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Tiger player looks ahead to athletics after amputation

Some of the toughest decisions most teenagers face extends to what they’re going to have for lunch or who they’ll sit next to in class.   

Following a serious car accident earlier this year, Dripping Springs High junior football player Trey Aldridge made the decision to have his leg amputated below the knee.

As Aldridge continues his path toward recovery, support from not only his teammates but also from the Dripping Springs community continues to pour in.

Aldridge, along with one of his friends, was returning from a hunting trip in South Texas on Oct. 1 when the accident occurred on U.S. Highway 290. 

Aldridge said one of his first memories following the collision was being extricated from the vehicle. For Aldridge, it was a surreal moment.

“I told myself, ‘this has to be a dream. This isn’t real. There is no way it happened,’” Adlridge said. “When it hit me it did, I was kind of in a panicked state. I wasn’t sure what to make of it.”

Jesse Aldridge, Trey’s father, said he received a call around 9:30 p.m. regarding the accident. He and his family were informed that Trey had been transported with an open fracture of the ankle to St. David’s Hospital in Austin.

Trey went through a surgery to repair the injury that evening, then went through two additional surgeries over the next few days, Jesse said. During that time, Trey said many of his teammates and Dripping Springs athletic coordinator and head football coach Galen Zimmerman visited him.

“He’s part of our team. Helping him out is an expectation. A couple of his best friends are offensive lineman with him,” Zimmerman said.

But doctors informed Trey and his family that saving his foot meant going through several more surgeries. There also wasn’t a guarantee he would have mobility in his foot.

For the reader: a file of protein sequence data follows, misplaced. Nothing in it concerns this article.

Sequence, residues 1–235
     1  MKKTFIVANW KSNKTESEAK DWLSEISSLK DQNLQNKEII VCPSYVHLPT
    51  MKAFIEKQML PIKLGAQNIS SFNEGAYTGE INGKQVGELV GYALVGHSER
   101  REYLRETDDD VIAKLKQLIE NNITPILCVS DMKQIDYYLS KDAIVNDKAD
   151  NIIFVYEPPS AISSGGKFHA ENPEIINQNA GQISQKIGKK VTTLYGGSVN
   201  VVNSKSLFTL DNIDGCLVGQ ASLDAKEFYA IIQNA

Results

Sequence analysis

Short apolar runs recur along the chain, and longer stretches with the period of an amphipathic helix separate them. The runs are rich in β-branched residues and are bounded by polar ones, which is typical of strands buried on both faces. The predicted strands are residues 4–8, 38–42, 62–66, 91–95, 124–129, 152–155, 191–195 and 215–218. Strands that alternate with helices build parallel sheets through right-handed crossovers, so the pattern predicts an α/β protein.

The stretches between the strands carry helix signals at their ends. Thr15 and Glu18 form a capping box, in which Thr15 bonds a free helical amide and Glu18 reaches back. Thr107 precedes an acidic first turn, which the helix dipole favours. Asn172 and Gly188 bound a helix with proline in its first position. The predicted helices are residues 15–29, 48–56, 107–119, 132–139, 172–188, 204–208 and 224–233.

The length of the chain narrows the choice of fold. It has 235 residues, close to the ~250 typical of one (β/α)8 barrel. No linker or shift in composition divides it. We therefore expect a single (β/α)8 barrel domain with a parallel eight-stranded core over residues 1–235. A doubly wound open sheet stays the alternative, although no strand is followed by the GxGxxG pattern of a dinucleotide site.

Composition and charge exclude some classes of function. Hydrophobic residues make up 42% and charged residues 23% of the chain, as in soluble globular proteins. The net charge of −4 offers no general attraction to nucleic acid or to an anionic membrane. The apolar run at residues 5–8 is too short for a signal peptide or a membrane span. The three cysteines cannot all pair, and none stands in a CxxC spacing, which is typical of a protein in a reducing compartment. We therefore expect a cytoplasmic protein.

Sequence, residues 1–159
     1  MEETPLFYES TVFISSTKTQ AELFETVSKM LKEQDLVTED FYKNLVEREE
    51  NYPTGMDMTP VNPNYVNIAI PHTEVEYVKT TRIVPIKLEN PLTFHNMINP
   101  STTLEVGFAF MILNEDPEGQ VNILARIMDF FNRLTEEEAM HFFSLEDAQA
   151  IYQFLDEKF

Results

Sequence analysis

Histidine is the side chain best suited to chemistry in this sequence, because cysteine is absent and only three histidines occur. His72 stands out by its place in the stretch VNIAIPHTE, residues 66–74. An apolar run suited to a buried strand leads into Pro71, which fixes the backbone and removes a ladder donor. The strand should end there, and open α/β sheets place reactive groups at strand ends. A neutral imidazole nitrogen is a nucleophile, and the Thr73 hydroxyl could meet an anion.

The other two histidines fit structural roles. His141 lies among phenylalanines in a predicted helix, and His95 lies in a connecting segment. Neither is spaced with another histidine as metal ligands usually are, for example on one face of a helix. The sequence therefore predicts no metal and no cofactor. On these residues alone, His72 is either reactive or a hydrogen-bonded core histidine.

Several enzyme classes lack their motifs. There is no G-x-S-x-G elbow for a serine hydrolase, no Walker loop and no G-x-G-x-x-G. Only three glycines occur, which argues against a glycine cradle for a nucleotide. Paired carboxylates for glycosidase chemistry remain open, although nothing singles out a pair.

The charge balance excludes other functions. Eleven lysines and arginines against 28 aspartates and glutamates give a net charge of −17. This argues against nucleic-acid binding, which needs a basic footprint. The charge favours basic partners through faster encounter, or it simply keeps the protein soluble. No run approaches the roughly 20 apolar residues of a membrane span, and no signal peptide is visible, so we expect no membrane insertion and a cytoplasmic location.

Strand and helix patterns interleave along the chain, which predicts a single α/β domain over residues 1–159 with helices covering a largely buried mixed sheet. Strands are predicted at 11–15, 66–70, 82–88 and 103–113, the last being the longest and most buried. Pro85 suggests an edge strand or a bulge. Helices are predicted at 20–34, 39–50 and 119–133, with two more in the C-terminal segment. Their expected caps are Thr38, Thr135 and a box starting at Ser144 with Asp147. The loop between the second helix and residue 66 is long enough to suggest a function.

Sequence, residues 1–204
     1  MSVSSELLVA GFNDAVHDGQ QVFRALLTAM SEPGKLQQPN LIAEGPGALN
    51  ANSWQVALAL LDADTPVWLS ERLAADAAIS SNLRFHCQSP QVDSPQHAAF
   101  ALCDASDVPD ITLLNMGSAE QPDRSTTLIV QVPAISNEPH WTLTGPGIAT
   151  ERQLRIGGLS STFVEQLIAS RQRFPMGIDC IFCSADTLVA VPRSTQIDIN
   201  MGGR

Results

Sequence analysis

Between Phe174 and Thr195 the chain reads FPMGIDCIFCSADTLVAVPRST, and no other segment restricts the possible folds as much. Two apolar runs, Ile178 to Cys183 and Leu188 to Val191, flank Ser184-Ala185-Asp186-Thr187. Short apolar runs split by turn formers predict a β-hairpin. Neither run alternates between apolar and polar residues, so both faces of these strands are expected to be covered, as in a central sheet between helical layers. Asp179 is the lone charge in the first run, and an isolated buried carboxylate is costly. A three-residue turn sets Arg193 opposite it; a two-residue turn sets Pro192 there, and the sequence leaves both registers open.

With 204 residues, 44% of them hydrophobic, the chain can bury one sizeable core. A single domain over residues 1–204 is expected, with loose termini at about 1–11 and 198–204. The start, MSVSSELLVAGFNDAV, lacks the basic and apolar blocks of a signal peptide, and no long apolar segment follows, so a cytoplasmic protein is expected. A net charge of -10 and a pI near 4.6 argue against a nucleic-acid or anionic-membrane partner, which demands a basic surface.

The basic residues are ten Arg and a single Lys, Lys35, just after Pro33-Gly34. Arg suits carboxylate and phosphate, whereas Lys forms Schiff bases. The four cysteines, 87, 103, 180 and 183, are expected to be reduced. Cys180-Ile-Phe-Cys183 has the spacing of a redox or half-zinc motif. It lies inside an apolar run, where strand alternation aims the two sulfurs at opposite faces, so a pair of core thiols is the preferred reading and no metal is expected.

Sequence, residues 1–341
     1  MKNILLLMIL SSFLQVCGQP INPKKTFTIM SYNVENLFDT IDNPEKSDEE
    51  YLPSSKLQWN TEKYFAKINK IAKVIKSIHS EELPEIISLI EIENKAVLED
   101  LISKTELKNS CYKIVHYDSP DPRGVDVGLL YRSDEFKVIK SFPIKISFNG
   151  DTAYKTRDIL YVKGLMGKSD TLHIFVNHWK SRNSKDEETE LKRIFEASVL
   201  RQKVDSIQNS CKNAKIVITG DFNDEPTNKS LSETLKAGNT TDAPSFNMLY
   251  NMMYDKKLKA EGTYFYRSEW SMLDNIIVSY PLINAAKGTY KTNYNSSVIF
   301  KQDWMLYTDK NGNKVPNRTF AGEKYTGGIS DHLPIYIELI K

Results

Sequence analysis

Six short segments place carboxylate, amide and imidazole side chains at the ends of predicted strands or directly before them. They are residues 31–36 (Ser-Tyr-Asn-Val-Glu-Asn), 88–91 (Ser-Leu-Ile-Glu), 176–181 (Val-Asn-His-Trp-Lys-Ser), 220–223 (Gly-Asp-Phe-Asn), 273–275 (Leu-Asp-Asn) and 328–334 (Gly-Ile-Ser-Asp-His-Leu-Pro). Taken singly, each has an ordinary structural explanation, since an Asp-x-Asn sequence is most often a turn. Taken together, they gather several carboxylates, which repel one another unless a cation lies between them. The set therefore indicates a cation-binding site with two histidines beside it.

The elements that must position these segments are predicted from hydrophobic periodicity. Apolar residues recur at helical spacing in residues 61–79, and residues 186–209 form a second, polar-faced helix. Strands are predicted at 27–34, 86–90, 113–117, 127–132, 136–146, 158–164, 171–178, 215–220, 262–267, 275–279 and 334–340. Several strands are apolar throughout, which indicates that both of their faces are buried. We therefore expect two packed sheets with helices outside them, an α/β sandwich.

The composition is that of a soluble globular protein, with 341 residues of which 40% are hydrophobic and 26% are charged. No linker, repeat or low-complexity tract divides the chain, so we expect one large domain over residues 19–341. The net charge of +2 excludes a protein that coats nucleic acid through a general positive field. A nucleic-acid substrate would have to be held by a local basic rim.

The second option was to amputate the leg below the knee. The caveat, however, meant the chance to have a more active lifestyle. 

Allowing Trey to make the decision was an important factor for Jesse and his family.

After gathering all available information, Trey chose to amputate.

“There was definitely a lot of excitement. They said with working hard that I could get back (on the football field),” Trey said. “But I’m also losing a part of my leg. It was in between exciting and depressing. It was a hard choice to make for sure. It wasn’t an easy choice.”

Following the surgery, Trey went through rigorous physical therapy sessions.

He was eventually released from the hospital Nov. 3. It allowed Trey to prepare to join his teammates in the final game at Tiger Stadium the next day.

“There’s no way to describe how excited I was,” he said. “Coaches and players were giving me hugs and high fives. It was so exciting, I almost broke out in tears.”

Finding a suitable prosthetic leg that would support Trey on and off the field is the focus. Such a leg, however, would cost roughly $17,000.

The community, led by Cindy Reynolds, started a gofundme to assist the Aldridge family with the expense.

Jesse was thankful for the support given by the community. He has confidence Trey could regain his mobility, and perhaps one day return to the football field.

Zimmerman lauded Trey for having a mature attitude toward a difficult situation.

While Trey aspires to return to the field next fall, he was struck by the outpouring of support.

“Dripping Springs is an amazing community. I would have never thought there was this much support,” Aldridge said. “Dripping Springs is a great place to live.”

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